The Office Guide for How to Keep Tenants Happy
When thinking about a typical commercial real estate tenant, many overlook the small details of their day. From their morning commute coffee to post-work activities such as doctor’s appointments or fitness classes, tenant activities are more ingrained in your building community than you may think and have a huge impact on how to keep tenants happy. Even actions outside of your building are all part of what makes a good tenant experience, also known as “TeX.”
Cultivating this ecosystem is critical. Each tenant activity presents a new opportunity to improve the property experience with technology and experiences tailored to the individuals who are in the building every day. These opportunities harness the power of tenant experience: helping landlords put relevant technology into the hands of a building’s population that they don’t regularly connect with, and using that technology to improve tenant retention and attraction and to add value to their assets.
How to Keep Good Tenants
When it comes to figuring out how to be a good landlord in order to attract and retain office tenants, one first must look at the most recent changes to the commercial real estate market (CRE). Due to long-lasting effects of the COVID-19 pandemic, the CRE value equation has shifted away from the buildings themselves to the people who occupy them. With the assistance of tenant experience technologies, property leaders and teams can seize an opportunity to adopt a consumer-first model and embrace the most recent digital disruptions. By blending the physical and digital workplaces, they can also create engaging and memorable experiences that differentiate their portfolios and tune into their most important assets: their tenants.
Hybrid work models have seen massive growth in order to follow mandatory health and safety protocols. This necessary flexibility in working preferences also means that the workplace and its community have now officially transcended the four walls of the office building — not only do landlords have to find ways to create great experiences for those who choose to come into the office, but also for those who choose to stay at home or work from some other remote location.
Thus, the industry has reached a point where improvements to the physical office environment can no longer enhance the tenant experience on their own — rather, technology is needed to bridge the gap between the physical office and the digital workplace, while also connecting dispersed employees in a way that is both engaging and thoughtful. This means that good landlord qualities include providing omnichannel office experiences.
Omnichannel office experiences are exactly that: integrated experiences that provide your building occupants with seamless transitions between digital and physical offerings. Signs of a good tenant experience include everything from plugging into your building’s various technology systems to ensure that the building occupant journey is tech-enabled, to increasing your digital programming through virtual amenities that all can partake in, no matter where they are. These strategies will not only address how to reward good tenants but also align with the needs of a modern workforce when screening tenants who are interested in joining your building community.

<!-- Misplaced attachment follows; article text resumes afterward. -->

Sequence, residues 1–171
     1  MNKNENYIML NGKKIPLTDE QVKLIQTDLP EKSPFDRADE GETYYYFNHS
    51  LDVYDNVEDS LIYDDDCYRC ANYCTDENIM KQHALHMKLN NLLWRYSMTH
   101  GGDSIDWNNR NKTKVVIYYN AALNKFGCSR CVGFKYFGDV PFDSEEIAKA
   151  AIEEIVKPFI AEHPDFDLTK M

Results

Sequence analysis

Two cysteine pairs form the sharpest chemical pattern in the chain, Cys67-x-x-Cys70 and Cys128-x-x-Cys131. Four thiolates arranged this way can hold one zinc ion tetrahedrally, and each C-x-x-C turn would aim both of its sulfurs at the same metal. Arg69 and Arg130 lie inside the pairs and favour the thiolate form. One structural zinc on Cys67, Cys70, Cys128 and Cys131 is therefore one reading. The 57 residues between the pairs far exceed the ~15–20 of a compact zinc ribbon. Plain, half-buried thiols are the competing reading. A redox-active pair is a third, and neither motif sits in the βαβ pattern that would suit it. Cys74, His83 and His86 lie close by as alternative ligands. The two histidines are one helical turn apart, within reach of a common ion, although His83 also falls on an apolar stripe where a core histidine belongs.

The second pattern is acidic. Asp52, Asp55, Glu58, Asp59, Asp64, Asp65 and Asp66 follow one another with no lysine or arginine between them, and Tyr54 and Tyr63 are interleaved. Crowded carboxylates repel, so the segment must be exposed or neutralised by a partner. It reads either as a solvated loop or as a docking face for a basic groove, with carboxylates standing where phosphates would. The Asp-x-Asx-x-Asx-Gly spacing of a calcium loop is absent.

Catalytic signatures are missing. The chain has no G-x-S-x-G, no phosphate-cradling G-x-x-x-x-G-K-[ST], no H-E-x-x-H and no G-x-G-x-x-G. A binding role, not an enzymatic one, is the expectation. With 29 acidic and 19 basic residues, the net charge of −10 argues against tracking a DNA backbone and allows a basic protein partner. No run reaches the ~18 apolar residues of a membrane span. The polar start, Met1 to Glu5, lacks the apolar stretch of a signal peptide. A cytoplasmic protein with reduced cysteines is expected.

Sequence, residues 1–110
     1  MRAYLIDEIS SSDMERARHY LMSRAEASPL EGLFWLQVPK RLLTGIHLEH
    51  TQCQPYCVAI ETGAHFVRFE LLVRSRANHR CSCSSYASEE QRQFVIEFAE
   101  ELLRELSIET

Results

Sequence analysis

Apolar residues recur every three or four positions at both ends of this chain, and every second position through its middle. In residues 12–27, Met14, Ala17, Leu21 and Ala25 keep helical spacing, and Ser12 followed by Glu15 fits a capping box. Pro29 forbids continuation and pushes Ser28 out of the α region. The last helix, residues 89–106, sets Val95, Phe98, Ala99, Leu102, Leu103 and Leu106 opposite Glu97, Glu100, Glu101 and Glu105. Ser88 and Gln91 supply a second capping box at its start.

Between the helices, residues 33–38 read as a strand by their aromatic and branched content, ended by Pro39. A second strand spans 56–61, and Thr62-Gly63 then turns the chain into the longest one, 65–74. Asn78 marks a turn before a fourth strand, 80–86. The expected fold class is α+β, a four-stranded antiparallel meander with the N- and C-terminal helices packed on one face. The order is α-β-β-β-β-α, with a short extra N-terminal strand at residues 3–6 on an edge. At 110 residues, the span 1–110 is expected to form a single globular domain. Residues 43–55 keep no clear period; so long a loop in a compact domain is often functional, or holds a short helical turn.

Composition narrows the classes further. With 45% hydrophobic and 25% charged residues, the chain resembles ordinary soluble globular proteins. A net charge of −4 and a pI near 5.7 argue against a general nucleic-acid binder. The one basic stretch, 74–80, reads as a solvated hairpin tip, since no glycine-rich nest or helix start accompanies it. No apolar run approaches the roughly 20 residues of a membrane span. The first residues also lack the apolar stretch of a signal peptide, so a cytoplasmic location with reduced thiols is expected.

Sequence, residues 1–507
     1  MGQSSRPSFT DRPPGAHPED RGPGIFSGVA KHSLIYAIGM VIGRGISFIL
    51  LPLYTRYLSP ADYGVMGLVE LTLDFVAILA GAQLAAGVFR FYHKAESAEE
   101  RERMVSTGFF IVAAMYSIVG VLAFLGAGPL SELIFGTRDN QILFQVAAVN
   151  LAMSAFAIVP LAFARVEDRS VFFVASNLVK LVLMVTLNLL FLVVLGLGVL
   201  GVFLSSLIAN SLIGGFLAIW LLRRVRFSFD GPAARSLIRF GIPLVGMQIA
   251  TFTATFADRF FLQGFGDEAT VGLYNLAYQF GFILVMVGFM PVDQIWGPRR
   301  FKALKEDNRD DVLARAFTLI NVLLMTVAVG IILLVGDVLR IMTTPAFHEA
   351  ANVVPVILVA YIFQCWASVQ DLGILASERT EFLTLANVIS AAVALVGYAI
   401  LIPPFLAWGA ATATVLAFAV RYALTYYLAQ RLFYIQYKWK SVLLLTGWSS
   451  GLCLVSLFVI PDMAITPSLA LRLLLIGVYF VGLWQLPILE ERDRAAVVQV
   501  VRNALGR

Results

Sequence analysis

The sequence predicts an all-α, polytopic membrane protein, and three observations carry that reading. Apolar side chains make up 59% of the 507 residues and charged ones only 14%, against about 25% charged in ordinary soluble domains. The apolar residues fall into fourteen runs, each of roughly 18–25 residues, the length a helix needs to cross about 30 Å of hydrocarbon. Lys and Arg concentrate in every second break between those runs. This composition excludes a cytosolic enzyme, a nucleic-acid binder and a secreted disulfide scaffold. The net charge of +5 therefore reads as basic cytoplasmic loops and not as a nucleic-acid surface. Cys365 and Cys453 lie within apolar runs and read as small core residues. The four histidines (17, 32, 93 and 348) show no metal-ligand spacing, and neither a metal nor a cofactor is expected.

What Makes a Good Tenant Experience
In order to keep up with the rise of tenant experience and to achieve omnichannel office experiences, you will need to start looking into — at the very minimum — an office app for tenant engagement. A tenant engagement app will not only ease modern-day concerns revolving around safety, communication, and engagement for your existing tenants, but it will also help you strengthen your workplace culture to help attract new tenants.
On a similar note, a large focus area of what makes a good tenant experience is the concept of flight to quality or digitizing one’s building amenities. A 2019 Cushman & Wakefield study revealed that before the COVID-19 pandemic, highly amenitized buildings had an 18.3% rent premium compared to the surrounding submarket. This premium proved even more substantial at 21.6% in the central business districts (CBDs) of gateway markets. Amenities still play a role in overall office culture, and the concept of flight to quality — or digitally enhancing your building’s offerings — can prove to be a major differentiator for your portfolio. This also lends credence to the positive impact that technology can have on cap rates when focused on engaging people and strengthening connections.
Offering digital programming to complement your assets can re-shape antiquated engagement models by bringing your building’s amenities directly to the end-user, as opposed to having tenants seek them out on their own. One of the many signs of a good tenant experience, this establishes a brand value that extends beyond the office — both of which are especially valuable now since many tenants and employees are not physically in the building.